The Castle of the Teutonic Order in Malbork is a 13th-century Teutonic castle and fortress located near the town of Malbork, Poland. It is one of the largest castles in the world measured by land area and a UNESCO World Heritage Site. The castle is a classic example of a medieval fortress and, on its completion in 1406, was the world’s largest brick castle.
Malbork was constructed by the Teutonic Knights. They did it in several stages, starting from 1274. Initially (from 1280) the castle served as a fortress for one of the Commanders and his garrison. In 1309 it became a seat of the Grand Master of Teutonic Knights, and the fundamental element of defensive system in Teutonic Prussia. In the 14th century Malbork got a form of triple defensive complex consisting of: the High Castle (monastery), the Middle Castle (the political and administrative centre of the monastic state) and the Outer Bailey (a vast economic base). In 1457 Malbork – bought from hands of the Teutonic Knights’ mercenaries – opened its gates to the king Casimir Jagiellonian. For more than three centuries the castle was a royal temporary residence, Polish war-base in Prussia and a seat for the district governor. In 1772 the first partition of Poland occurred and Malbork was lost to German Prussia, serving as a military quarters and warehouse for centuries before undergoing some restoration in the 19th and 20th centuries. It was ultimately returned to Poland in 1945.
It is the most complete and elaborate example of a Gothic brick-built castle complex in the characteristic and unique style of the Teutonic Order. The style exemplified here evolved independently from those which prevailed in contemporary castles in western Europe and the Near East. This spectacular fortress bears witness to the phenomenon of the Teutonic Order state in Prussia. The basic material for the construction of the castle was brick, limestone and granite. The foundations and elements exposed to destruction were laid out from the granite, architectural details were made of stone, and the bricks and timber were used to construct the basic parts of the buildings. The stronghold was placed on the right bank of the Nogat, in a defensive site. It was a long elevated strip of land, surrounded on the west and partly north by the river, and on the east by extensive swamps. Elements essential to Gothic architecture, such as spires, magnificent ribbed vaults, decorative battlements and Gothic arches are visible on, and inside almost every structure present in the complex.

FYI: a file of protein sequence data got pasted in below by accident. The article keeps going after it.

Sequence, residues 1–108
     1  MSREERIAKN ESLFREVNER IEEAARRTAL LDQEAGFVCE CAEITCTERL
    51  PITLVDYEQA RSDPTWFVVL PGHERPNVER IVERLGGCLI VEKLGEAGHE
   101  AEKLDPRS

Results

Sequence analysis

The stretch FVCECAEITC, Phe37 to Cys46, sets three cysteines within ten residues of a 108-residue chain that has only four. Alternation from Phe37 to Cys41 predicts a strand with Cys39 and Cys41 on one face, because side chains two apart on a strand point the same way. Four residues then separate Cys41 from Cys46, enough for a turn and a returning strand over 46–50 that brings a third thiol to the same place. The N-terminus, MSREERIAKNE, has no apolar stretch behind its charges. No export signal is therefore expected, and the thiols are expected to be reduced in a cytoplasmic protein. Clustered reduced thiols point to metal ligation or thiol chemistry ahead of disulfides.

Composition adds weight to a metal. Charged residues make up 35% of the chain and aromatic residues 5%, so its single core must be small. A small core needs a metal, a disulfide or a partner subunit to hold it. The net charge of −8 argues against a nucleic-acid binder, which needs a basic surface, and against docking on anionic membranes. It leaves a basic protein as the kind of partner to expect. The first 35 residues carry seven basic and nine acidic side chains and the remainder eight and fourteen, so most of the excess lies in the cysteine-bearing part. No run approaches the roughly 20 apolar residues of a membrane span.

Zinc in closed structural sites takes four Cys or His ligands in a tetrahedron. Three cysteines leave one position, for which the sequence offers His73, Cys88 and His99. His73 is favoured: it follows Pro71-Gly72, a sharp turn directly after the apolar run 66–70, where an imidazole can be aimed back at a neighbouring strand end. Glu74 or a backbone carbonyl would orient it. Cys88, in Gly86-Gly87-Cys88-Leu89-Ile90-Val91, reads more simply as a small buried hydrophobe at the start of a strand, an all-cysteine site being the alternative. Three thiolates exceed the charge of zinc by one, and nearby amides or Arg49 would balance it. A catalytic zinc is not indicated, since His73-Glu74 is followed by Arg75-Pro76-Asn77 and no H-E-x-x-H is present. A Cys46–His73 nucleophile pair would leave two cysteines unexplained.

The Malbork castle is considered one of the largest in the world and at the same time one of the most remarkable works of defense and residential construction in medieval Europe. Palace of Grand Masters on the middle castle is one of the most outstanding achievements of the European Gothic. The castle is also a monument showing the development of conservation thought, from the early nineteenth century to modern times.